A finely tuned universe points to God in “Everyday Religion” class

Author: Josh Stowe

Autumn Leaves

Our universe is finely tuned to support life. If, for instance, the Big Bang, gravity, or electromagnetic force were just slightly weaker, life would not exist.

And since this did not happen by chance or necessity, that points to the existence of an intelligent designer—God.

Participants explored this argument during the latest session of Everyday Religion in a World of Many Faiths, a free, online class offered by the Ansari Institute.

“Don’t you see how important and invaluable you are? The whole universe is finely tuned for you and for your life.”

Professor Adnan Aslan led students in a conversation on this argument, as articulated by the contemporary philosopher Robin Collins. Although there are counter-arguments—for instance, the many universes hypothesis, which says that there are a multitude of universes, and ours just happens to have the conditions needed to support life—Aslan said Collins’ thinking is compelling.

“This cannot be coincidence,” he said. “The sun, the moon, the earth, the climate—they all support our existence. Don’t you see how important and invaluable you are? The whole universe is finely tuned for you and for your life.”

A sense of awe and wonder

In addition to exploring Collins’ thinking, class participants unpacked its implications. Charly Pine said that for him, it offered “an invitation to a sense of wonder” as he contemplated the beauty and complexity of the universe.

Ferit Akova spoke similarly, reflecting on how science has allowed him to deepen his appreciation of religion, and of God as the intelligent designer.

“The more we discover, the more amazing things come up,” he said. “Look at the depth of the universe. Explaining things doesn’t mean that we don’t need to look behind them at what ultimately caused them.”

Ronnie Ansari noted that although people hold different perspectives on the universe and how it ultimately came to be, Collins’ thinking—and the importance it gives to humanity as God’s creation—resonates deeply.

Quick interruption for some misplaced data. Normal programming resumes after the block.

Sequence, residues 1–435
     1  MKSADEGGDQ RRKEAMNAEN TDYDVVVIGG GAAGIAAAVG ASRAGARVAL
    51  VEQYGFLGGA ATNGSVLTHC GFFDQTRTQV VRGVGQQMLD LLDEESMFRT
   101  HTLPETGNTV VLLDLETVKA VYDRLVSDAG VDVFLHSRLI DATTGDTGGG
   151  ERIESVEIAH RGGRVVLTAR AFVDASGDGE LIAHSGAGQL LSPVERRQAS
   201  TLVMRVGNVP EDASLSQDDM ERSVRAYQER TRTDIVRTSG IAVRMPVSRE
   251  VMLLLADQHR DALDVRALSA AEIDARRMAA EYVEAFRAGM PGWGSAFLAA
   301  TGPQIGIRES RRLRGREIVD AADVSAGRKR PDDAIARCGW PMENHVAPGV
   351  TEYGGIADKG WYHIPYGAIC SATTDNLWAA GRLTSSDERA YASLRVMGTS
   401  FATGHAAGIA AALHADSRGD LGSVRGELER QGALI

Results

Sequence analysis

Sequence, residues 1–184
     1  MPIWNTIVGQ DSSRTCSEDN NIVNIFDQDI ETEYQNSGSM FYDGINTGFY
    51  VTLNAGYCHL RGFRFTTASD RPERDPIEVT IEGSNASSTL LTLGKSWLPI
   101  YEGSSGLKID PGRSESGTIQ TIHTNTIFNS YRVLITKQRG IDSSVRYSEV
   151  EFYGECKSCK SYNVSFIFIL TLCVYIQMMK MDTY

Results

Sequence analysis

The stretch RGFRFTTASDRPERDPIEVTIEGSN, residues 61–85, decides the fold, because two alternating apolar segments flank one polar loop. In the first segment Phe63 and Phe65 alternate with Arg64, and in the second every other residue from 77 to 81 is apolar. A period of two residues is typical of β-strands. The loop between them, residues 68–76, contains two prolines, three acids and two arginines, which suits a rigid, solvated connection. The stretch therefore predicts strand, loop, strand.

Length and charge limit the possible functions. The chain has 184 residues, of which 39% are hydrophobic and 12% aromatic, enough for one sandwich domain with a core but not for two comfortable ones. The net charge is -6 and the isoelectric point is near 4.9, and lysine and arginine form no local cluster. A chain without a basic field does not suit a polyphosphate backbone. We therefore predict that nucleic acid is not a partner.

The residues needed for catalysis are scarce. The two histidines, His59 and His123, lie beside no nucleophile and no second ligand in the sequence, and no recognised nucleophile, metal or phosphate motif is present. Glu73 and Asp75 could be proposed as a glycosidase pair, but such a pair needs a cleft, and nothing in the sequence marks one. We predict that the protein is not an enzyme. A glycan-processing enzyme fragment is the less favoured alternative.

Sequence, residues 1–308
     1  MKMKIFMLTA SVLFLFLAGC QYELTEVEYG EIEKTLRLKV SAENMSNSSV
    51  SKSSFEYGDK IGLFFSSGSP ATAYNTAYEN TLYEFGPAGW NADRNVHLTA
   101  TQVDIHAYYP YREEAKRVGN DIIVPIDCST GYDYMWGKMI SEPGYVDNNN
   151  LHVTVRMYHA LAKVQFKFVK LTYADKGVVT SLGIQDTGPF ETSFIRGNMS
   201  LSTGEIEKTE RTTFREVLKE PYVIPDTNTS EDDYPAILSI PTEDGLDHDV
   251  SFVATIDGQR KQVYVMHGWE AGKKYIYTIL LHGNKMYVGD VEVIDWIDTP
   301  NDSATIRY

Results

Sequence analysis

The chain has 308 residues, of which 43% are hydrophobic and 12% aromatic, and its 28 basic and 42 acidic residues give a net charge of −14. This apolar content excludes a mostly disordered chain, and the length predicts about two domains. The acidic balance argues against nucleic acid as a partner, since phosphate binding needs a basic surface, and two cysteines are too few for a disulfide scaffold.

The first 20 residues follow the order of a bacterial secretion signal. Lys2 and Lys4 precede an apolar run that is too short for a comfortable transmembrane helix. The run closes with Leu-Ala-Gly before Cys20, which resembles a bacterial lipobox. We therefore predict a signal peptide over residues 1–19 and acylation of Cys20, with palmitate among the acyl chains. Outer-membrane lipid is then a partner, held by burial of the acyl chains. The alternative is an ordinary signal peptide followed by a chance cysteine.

“I think it depends, for some, on who they think created humankind—did they just happen or were they created by God?” she said. “I believe we were created by God and are very valuable to him.”

Aslan fleshed out this perspective by citing Islam’s Ḥadīth, in which Muhammad, the Prophet, says that Allah told him, “I was a Hidden Treasure (and) I wanted to be known, so I created Creation.”

“You’re building a foundation for the question, ‘does life have purpose or not have purpose?’ For me, I find that a foundational question.”

Pine said exploring the beauty of the universe—and considering its designer—ultimately helped him create a sense of meaning.

“I would say from this fine-tuning argument you’re building a foundation for the question, ‘does life have purpose or not have purpose?’” he said. “For me, I find that a foundational question. We should be deriving a sense of value in our lives from the fact that we were created in a universe.”

How to join the class

A limited number of spaces are still available for this virtual class, which is free and open to the public. The next session will be 6:30 p.m. ET (US) on Thursday, Oct. 8, when the class will welcome special guest Alexander Hsu, adjunct assistant teaching professor for the Ansari Institute. 

Hsu, whose research focuses on early Buddhist scriptures in medieval China, will contribute perspectives from some non-theistic religions to the ongoing discussion established by Professor Adnan Aslan and class participants.

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